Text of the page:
Which left nowhere for these stories to go after the injustices were overturned and the fascist villains were defeated. They all built momentum and excitement around action, but few of these stories ever considered what young-adult readers want to know: After one cruel leader is gone, what comes next? Injustice rarely ends with the death or departure of one unjust ruler, but YA dystopian stories rarely consider the next world order, and how it could operate differently, without stigmatizing its people. Revolution, post-apocalyptic survival, and restructuring society are fascinating topics, but apart from the Hunger Games’ brief coda about Katniss’ future PTSD, most YA dystopia stories just don’t explore these areas.

The Maze Runners stand together, looking frightened, in Maze Runner Photo: Twentieth Century Fox

And just as YA dystopian stories weren’t particularly interested in the future, they also were rarely that interested in their pasts, or even their present. They almost never explored their societies in any depth, beyond declaring them to be evil, violent, and controlling. We don’t really know much about the destructive regimes in the Maze Runner or Divergent series — we just know they’re bad. The run of dystopian movies in particular only offered the quickest, shallowest explanation of why a government would force its children into mazes, or make them kill each other. The Capitol’s desire to terrorize its citizens in The Hunger Games, or The Maze Runner’s focus on population control and disaster response — these are political excuses for mass murder, but not nuanced ones.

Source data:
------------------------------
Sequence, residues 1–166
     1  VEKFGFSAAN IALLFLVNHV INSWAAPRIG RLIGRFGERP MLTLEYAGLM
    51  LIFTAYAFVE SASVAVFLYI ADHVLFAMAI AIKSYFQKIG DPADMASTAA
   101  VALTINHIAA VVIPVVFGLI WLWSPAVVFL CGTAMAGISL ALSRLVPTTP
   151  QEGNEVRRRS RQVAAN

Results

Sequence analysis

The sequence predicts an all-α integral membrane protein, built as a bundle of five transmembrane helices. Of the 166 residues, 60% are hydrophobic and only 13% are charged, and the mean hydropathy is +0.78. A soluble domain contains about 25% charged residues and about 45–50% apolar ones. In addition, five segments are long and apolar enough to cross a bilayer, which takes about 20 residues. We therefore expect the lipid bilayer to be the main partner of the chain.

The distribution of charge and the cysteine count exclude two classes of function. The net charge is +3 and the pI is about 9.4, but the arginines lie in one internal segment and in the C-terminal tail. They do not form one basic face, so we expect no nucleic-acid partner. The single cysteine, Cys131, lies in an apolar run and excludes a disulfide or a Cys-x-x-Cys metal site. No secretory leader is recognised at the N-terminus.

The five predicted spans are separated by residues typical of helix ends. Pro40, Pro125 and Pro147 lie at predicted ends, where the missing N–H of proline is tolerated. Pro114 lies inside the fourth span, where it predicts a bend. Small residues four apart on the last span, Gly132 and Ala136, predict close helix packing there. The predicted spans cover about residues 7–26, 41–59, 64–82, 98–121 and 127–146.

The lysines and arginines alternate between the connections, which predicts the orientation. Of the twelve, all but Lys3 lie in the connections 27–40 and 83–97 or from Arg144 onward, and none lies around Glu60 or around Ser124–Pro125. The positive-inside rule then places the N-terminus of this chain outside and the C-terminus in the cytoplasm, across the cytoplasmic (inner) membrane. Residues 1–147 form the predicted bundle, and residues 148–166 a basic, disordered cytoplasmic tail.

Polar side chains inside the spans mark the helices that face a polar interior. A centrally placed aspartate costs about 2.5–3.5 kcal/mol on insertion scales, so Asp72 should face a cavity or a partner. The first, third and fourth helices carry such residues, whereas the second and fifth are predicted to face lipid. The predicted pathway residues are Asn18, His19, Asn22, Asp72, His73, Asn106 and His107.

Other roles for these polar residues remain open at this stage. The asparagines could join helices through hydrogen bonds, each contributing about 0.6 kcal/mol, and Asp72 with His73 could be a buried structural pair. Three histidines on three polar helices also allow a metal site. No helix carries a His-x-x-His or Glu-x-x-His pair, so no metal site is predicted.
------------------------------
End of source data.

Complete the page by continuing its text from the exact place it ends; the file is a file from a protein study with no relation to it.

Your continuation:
At the same time, YA dystopian stories were always too dependent on the hero model, where a single teenager sparks a revolt and does the bulk of the work in taking down a totalitarian state. Although that’s an empowering vision, it feels like a dated, hollow model to the young adults engaging in actual collective action. We’re arguably living in dystopian times, amid a changing world where authoritarianism and fascism are on the rise, both in America and around the world. And resistance to it has to be cooperative, not dependent on Chosen One heroes. Inequality and oppression are driven by institutions, not single villains who could easily be brought down. The simplicity of stories where one brave young person stops a monster and revolutionizes a society quickly started to feel like simplistic fantasy.